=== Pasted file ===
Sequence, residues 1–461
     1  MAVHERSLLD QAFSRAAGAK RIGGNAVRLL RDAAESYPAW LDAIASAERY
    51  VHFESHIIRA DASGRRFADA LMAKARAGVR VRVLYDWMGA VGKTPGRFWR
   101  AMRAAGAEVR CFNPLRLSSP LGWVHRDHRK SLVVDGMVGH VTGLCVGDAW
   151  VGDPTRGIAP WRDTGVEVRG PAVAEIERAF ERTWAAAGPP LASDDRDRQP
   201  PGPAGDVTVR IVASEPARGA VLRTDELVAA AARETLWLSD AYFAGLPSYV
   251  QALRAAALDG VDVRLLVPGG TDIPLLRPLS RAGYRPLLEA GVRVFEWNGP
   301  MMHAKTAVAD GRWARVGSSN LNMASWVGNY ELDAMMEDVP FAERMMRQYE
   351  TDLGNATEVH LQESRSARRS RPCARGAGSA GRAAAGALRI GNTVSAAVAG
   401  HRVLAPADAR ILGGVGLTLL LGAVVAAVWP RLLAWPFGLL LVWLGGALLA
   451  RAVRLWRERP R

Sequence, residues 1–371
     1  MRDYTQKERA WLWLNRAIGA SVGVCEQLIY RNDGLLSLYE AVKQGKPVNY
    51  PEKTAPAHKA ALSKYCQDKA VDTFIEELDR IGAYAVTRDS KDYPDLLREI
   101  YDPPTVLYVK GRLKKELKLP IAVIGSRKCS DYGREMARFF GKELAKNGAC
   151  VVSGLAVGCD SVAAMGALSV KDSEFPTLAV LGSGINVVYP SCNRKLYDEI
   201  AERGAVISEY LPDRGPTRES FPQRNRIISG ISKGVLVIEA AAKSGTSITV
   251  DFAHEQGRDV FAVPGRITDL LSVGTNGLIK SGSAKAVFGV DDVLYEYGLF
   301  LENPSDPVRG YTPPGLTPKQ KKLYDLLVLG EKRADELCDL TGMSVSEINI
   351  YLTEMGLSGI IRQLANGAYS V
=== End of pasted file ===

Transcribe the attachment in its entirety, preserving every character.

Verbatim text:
Sequence, residues 1–461
     1  MAVHERSLLD QAFSRAAGAK RIGGNAVRLL RDAAESYPAW LDAIASAERY
    51  VHFESHIIRA DASGRRFADA LMAKARAGVR VRVLYDWMGA VGKTPGRFWR
   101  AMRAAGAEVR CFNPLRLSSP LGWVHRDHRK SLVVDGMVGH VTGLCVGDAW
   151  VGDPTRGIAP WRDTGVEVRG PAVAEIERAF ERTWAAAGPP LASDDRDRQP
   201  PGPAGDVTVR IVASEPARGA VLRTDELVAA AARETLWLSD AYFAGLPSYV
   251  QALRAAALDG VDVRLLVPGG TDIPLLRPLS RAGYRPLLEA GVRVFEWNGP
   301  MMHAKTAVAD GRWARVGSSN LNMASWVGNY ELDAMMEDVP FAERMMRQYE
   351  TDLGNATEVH LQESRSARRS RPCARGAGSA GRAAAGALRI GNTVSAAVAG
   401  HRVLAPADAR ILGGVGLTLL LGAVVAAVWP RLLAWPFGLL LVWLGGALLA
   451  RAVRLWRERP R

Sequence, residues 1–371
     1  MRDYTQKERA WLWLNRAIGA SVGVCEQLIY RNDGLLSLYE AVKQGKPVNY
    51  PEKTAPAHKA ALSKYCQDKA VDTFIEELDR IGAYAVTRDS KDYPDLLREI
   101  YDPPTVLYVK GRLKKELKLP IAVIGSRKCS DYGREMARFF GKELAKNGAC
   151  VVSGLAVGCD SVAAMGALSV KDSEFPTLAV LGSGINVVYP SCNRKLYDEI
   201  AERGAVISEY LPDRGPTRES FPQRNRIISG ISKGVLVIEA AAKSGTSITV
   251  DFAHEQGRDV FAVPGRITDL LSVGTNGLIK SGSAKAVFGV DDVLYEYGLF
   301  LENPSDPVRG YTPPGLTPKQ KKLYDLLVLG EKRADELCDL TGMSVSEINI
   351  YLTEMGLSGI IRQLANGAYS V